On a narrow ridge

On a narrow ridge

Political statements by company bosses between social relevance, economic necessity and legal framework conditions.

A guest article by Sabine Clausecker and Christoph von Arnim


Europe has voted - and the result should be a wake-up call for us all. The anti-European, right-wing populist parties between the North Sea and the Mediterranean made significant gains, with the AfD achieving almost 16% in Germany. In eastern Germany, the right-wing populists are by far the strongest force with more than 27% of the vote. This is also the case in Brandenburg, where the state parliament will be re-elected in September.

To what extent is social peace in the capital region at risk if the Remigration supporters also achieve an election success of this magnitude in the fall? How much will the international reputation and attractiveness of our location suffer? It is not only the heads of the major corporations Mercedes-Benz and Siemens who are urgently warning against hatred and agitation in Germany. There is also growing concern in the boardrooms of Berlin and Brandenburg's business community about the increasing spread of anti-democratic and racist ideas. And with them the pressure to take action themselves.  

In fact, more and more company bosses are speaking out clearly. In February of this year, for example, 40 of the VBKI Forum CEOs for Berlin in the Berlin-Brandenburg metropolitan region took a stand against right-wing extremism in a joint declaration. With this form of public positioning, they are also responding to an expectation that they face as social "leaders" in the age of hyper-transparency. CEOs are now regarded as the universal mouthpiece of their organizations. In 2022, 70% of DAX 40 CEOs already had their own social media profile online. Recent studies also show that employees place more trust in a "connected leader" than a company boss who remains silent. Attitude and orientation are demanded from top management.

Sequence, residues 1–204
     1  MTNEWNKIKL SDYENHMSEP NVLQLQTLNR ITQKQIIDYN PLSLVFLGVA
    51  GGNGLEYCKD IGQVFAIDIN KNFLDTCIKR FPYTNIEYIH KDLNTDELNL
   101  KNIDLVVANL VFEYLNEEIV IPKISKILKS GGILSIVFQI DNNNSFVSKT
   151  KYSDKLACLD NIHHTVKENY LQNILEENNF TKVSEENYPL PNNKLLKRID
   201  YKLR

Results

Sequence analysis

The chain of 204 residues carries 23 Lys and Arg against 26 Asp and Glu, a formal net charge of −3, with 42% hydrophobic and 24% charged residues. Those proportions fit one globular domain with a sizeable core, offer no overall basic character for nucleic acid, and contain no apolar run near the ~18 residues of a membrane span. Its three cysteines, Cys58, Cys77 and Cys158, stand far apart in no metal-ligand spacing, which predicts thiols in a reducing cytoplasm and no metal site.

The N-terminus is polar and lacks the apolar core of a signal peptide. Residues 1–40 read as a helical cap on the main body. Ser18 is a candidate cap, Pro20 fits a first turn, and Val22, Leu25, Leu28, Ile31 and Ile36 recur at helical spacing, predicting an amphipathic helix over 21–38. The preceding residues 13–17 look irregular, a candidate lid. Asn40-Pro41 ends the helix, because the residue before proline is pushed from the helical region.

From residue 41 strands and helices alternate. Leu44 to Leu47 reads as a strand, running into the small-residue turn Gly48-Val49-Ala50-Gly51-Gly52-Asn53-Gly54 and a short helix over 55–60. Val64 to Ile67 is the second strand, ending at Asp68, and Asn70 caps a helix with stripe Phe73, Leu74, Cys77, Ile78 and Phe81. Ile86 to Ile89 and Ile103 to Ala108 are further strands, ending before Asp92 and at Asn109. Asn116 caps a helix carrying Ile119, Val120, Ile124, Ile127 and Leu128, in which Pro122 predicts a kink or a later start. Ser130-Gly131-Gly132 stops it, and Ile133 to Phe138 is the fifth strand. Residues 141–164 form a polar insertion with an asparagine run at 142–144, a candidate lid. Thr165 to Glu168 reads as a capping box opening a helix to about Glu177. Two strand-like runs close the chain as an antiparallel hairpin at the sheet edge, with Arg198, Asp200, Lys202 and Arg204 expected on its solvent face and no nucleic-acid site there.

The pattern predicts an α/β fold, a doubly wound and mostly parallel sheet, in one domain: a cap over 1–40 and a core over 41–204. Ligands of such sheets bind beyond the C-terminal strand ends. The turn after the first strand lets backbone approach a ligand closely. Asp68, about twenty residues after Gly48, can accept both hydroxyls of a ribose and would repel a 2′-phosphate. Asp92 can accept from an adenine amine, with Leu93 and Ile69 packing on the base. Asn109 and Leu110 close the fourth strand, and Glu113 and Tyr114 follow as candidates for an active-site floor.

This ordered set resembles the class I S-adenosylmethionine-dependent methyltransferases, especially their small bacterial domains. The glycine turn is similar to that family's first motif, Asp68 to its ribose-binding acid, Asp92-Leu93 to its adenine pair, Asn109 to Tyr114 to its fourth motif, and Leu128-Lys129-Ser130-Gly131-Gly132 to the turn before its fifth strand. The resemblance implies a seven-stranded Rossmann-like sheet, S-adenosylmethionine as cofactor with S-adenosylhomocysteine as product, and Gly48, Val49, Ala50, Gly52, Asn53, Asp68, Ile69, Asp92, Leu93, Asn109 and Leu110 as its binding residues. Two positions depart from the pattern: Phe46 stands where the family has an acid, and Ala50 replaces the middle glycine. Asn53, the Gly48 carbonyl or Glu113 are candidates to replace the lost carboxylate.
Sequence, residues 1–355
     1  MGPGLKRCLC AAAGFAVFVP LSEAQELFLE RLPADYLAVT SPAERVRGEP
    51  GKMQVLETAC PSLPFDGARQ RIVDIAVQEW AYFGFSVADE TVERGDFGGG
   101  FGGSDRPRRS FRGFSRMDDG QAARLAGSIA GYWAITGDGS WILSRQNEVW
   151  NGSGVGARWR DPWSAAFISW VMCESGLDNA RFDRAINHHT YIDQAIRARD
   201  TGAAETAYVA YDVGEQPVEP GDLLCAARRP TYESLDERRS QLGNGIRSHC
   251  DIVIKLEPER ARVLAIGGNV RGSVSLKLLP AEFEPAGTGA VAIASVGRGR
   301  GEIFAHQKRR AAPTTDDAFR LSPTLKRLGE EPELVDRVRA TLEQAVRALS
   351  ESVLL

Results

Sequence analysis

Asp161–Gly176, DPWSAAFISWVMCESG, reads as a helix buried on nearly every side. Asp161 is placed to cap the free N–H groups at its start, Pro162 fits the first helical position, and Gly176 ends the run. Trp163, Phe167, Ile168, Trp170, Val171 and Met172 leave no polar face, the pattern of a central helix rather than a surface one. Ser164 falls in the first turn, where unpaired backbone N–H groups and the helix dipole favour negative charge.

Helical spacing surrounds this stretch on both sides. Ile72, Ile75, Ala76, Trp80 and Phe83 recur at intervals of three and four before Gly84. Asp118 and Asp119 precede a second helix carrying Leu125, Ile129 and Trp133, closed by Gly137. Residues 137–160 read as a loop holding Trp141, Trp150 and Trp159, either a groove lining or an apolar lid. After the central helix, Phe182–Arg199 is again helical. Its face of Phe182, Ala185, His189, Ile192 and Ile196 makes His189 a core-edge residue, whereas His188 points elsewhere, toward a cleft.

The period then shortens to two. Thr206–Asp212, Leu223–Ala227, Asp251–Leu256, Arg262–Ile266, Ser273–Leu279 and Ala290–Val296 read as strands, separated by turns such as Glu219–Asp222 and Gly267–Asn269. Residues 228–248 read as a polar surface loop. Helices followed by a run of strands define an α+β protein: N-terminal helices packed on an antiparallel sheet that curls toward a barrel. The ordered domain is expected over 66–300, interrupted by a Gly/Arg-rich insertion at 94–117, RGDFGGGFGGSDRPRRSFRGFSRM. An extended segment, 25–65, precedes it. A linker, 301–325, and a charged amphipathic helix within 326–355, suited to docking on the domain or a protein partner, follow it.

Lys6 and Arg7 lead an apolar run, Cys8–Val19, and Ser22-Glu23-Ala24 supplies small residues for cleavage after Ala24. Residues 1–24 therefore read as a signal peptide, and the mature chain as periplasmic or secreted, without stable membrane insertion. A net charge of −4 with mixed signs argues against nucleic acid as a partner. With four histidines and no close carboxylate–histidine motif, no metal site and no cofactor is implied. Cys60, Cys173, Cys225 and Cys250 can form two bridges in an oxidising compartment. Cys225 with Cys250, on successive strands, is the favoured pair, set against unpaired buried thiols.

"Current studies also show that employees place more trust in a "connected leader" than in a company boss who remains silent. Attitude and orientation are demanded from top management."

Germany has over 40 million employees. They all spend a large part of their time at work. In the canteens and coffee kitchens of this republic, opinions come together that have not been pre-sorted by digital filters. Here, in the workplace environment, democratic values can be exemplified, a civilized culture of discussion can be promoted and a competent scope of information can be communicated. This represents a significant opportunity for this country. It is the responsibility of employers to seize this opportunity.  

However, socio-politically committed company bosses walk a fine line: if they campaign too strongly against political movements that have long been anchored in the hearts and minds of their employees, they risk losing acceptance. If they hold back, they fail to live up to their leadership role and miss the opportunity to position themselves and the company.

And not everyone can act as freely in their statements as Nomos and Würth recently did: the watch manufacturer from Saxony and the screw producer from Baden-Württemberg have clearly advised their employees not to vote for the AfD. Both companies are family businesses and are subject to lower legal restrictions than listed companies. Their management boards manage third-party assets and are accountable to all stakeholders, employees and shareholders alike. They must also comply with the strict legal requirements for the publication of information relevant to the capital market.